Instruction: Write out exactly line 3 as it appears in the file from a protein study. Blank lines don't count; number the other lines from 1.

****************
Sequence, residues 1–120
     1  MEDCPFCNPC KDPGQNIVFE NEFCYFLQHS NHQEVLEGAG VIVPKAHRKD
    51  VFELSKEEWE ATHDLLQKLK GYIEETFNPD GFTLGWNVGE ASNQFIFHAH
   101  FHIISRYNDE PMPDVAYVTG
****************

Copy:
    51  VFELSKEEWE ATHDLLQKLK GYIEETFNPD GFTLGWNVGE ASNQFIFHAH